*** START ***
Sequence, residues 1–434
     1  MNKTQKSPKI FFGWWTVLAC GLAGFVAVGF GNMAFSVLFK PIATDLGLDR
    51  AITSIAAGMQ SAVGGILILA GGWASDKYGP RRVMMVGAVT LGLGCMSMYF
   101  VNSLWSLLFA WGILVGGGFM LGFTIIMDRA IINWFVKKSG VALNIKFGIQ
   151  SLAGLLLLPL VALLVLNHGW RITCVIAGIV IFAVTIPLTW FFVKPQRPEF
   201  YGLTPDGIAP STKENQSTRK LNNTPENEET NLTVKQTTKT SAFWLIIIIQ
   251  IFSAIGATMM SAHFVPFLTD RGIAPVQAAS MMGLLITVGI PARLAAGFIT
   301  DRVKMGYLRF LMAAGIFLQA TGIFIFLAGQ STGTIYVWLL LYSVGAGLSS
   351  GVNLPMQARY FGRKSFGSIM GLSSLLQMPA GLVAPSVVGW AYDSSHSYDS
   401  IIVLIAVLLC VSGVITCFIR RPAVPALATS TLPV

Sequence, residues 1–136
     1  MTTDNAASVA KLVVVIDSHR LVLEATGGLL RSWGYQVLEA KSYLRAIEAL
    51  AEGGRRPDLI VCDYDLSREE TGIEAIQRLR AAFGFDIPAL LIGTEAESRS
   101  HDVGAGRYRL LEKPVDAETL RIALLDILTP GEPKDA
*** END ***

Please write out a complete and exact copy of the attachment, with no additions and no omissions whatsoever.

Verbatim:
Sequence, residues 1–434
     1  MNKTQKSPKI FFGWWTVLAC GLAGFVAVGF GNMAFSVLFK PIATDLGLDR
    51  AITSIAAGMQ SAVGGILILA GGWASDKYGP RRVMMVGAVT LGLGCMSMYF
   101  VNSLWSLLFA WGILVGGGFM LGFTIIMDRA IINWFVKKSG VALNIKFGIQ
   151  SLAGLLLLPL VALLVLNHGW RITCVIAGIV IFAVTIPLTW FFVKPQRPEF
   201  YGLTPDGIAP STKENQSTRK LNNTPENEET NLTVKQTTKT SAFWLIIIIQ
   251  IFSAIGATMM SAHFVPFLTD RGIAPVQAAS MMGLLITVGI PARLAAGFIT
   301  DRVKMGYLRF LMAAGIFLQA TGIFIFLAGQ STGTIYVWLL LYSVGAGLSS
   351  GVNLPMQARY FGRKSFGSIM GLSSLLQMPA GLVAPSVVGW AYDSSHSYDS
   401  IIVLIAVLLC VSGVITCFIR RPAVPALATS TLPV

Sequence, residues 1–136
     1  MTTDNAASVA KLVVVIDSHR LVLEATGGLL RSWGYQVLEA KSYLRAIEAL
    51  AEGGRRPDLI VCDYDLSREE TGIEAIQRLR AAFGFDIPAL LIGTEAESRS
   101  HDVGAGRYRL LEKPVDAETL RIALLDILTP GEPKDA